U.S. Retirement Poll: The Big Lie and the Big Fantasy
A new survey suggests that when it comes to retirement planning many Americans are either making excuses or deluding themselves
The Employee Benefit Research Institute just rolled out its 23rd annual Retirement Confidence Survey and before you roll your eyes — another retirement survey?! — let me mention that it’s the mother of them all.
That’s why I think attention must be paid.
(The institute interviewed 1,003 workers, as well as 251 retirees, by phone in January.)
But the survey findings you’ll be hearing a lot about aren’t the ones I think are most illuminating. I expect these will be the headline grabbers:
- 57 percent of U.S. workers (and 47 percent of those 45 and older) said they have less than $25,000 in savings and investments, excluding their homes.
- 49 percent are not confident about being able to afford a comfortable retirement, the highest level in the survey's history.
As I see it, though, the highlights of the Retirement Confidence Survey are what I’d call the Big Lie and the Big Fantasy.
The Big Lie
The Big Lie is my view of what the respondents say about their inability to save for retirement.
Only 57 percent of workers are actively saving for retirement, according to the survey, down from 65 percent in 2009.
Employees eligible to contribute to 401(k) or similar savings plans at work cited the cost of living and day-to-day expenses as the top reasons why they don’t invest in those plans or don’t invest more. Roughly 1 in 5 (18 percent) said they cannot afford to save more. Workers age 45 or older who aren't confident about having enough money for a comfortable retirement said they think they need to save an (absurdly high) average of 43 percent of their income.
But the head of Mathew Greenwald & Associates, the research firm that conducts the annual survey, says Americans’ explanation for their saving troubles is “not really true.”
Greenwald says that in previous surveys when people were asked if they could afford to save $25 a week more for retirement or start saving $25 a week, most said they could. When asked what they’d have to give up, Greenwald says, "the main thing cited was eating out." Others identified various "minor ways of cutting back,” he adds, like spending less on entertainment, clothes and impulse buys.
“While people feel the pressures of maintaining their lifestyles, which is real, they also know after a little introspection that there are some things they can relatively easily cut back on that would permit more saving for retirement,” Greenwald says.
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I have no doubt that economic times are so tough for some, especially lower-income Americans, that saving for the future is impossible, or nearly so. Indeed, only 24 percent of workers with household incomes under $35,000 have saved for retirement, down sharply from 49 percent in 2009.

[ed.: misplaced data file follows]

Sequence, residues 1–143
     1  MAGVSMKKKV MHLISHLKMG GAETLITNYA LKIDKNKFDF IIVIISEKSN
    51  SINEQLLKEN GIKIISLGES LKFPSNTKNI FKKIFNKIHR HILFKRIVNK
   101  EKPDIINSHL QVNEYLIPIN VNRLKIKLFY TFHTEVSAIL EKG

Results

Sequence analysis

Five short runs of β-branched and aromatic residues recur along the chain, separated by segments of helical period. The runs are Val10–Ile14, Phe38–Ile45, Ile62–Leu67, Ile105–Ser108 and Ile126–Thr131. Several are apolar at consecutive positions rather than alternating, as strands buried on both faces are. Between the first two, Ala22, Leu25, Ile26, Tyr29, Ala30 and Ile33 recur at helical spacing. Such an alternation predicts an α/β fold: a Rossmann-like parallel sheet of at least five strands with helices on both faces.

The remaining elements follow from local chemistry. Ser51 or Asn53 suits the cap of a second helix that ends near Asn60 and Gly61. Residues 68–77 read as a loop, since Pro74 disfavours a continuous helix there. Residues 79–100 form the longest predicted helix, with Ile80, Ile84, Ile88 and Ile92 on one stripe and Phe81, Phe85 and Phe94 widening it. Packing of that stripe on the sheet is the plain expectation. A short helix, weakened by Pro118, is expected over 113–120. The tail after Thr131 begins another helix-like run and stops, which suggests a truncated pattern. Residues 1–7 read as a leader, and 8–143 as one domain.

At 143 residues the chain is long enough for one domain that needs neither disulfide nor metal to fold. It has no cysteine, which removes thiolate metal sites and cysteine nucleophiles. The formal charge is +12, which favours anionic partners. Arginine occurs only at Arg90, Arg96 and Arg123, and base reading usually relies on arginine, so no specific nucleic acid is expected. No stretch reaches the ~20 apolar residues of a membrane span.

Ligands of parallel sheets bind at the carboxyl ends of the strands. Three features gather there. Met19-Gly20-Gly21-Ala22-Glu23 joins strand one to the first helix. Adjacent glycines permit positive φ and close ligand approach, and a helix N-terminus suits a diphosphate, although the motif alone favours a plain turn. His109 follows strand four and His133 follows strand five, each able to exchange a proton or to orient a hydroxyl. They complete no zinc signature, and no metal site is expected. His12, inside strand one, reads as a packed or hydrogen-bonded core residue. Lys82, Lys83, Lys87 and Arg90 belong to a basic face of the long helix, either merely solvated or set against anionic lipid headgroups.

But, otherwise, I’m with Greenwald: Many Americans could save more for retirement if they committed themselves to this goal.
The Big Fantasy
One reason they don’t sock away money for the future is what I call the Big Fantasy.
According to the latest Employee Benefit Research Institute survey, 7 in 10 workers (69 percent) said they will work for pay after they retire.
Many currently in the workforce said they now think they’ll stay employed longer than they thought a year earlier. Planning to delay retirement, Greenwald says, is “the most significant trend in the 23-year history of the Retirement Confidence Survey.”
In 1991, 84 percent of workers said they planned to retire at 65 or earlier. In the latest survey, just 23 percent expect to retire before 65 and 26 percent expect to work until 70 or beyond.
If their plans come true, they’ll need less in savings than if they retire from work earlier.
But interviews with retirees in the current survey and recent ones paint a very different picture of the reality of working in retirement.
The Retirement Confidence Survey has consistently found that workers are far more likely to expect to earn employment income in retirement than retirees actually do.
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Year after year, 2 in 5 retirees or more said they had to stop working before they planned, mostly due to factors they couldn’t control (like poor health or the inability to land a job after losing one).
That problem was even more pronounced this year.
In the latest survey, almost half the retirees surveyed (47 percent) said they entered retirement sooner than they had expected. Only 14 percent of retirees worked past 65; just 25 percent currently have any employment income.
“Those 69 percent expecting to earn money from work after they retire, probably to make up for low savings, are taking a substantial risk,” Greenwald says.
I’d like to believe that anyone who wants to work part-time in retirement will be able to do so, but I doubt that’ll happen. That’s’ why I think it’s time we give up the Big Lie and the Big Fantasy and try harder to save more year after year — just in case.